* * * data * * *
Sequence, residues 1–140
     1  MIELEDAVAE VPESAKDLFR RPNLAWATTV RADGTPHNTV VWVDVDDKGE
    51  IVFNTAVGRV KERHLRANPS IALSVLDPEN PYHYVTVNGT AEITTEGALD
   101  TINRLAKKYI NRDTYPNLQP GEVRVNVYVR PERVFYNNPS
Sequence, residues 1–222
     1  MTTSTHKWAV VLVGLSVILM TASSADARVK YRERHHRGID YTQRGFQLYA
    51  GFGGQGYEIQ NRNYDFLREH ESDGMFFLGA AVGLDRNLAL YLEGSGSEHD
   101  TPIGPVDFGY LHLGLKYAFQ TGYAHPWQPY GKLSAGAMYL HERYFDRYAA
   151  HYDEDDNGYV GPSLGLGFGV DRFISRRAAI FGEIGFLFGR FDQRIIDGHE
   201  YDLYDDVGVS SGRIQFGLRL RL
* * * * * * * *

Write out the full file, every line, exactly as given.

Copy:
Sequence, residues 1–140
     1  MIELEDAVAE VPESAKDLFR RPNLAWATTV RADGTPHNTV VWVDVDDKGE
    51  IVFNTAVGRV KERHLRANPS IALSVLDPEN PYHYVTVNGT AEITTEGALD
   101  TINRLAKKYI NRDTYPNLQP GEVRVNVYVR PERVFYNNPS
Sequence, residues 1–222
     1  MTTSTHKWAV VLVGLSVILM TASSADARVK YRERHHRGID YTQRGFQLYA
    51  GFGGQGYEIQ NRNYDFLREH ESDGMFFLGA AVGLDRNLAL YLEGSGSEHD
   101  TPIGPVDFGY LHLGLKYAFQ TGYAHPWQPY GKLSAGAMYL HERYFDRYAA
   151  HYDEDDNGYV GPSLGLGFGV DRFISRRAAI FGEIGFLFGR FDQRIIDGHE
   201  YDLYDDVGVS SGRIQFGLRL RL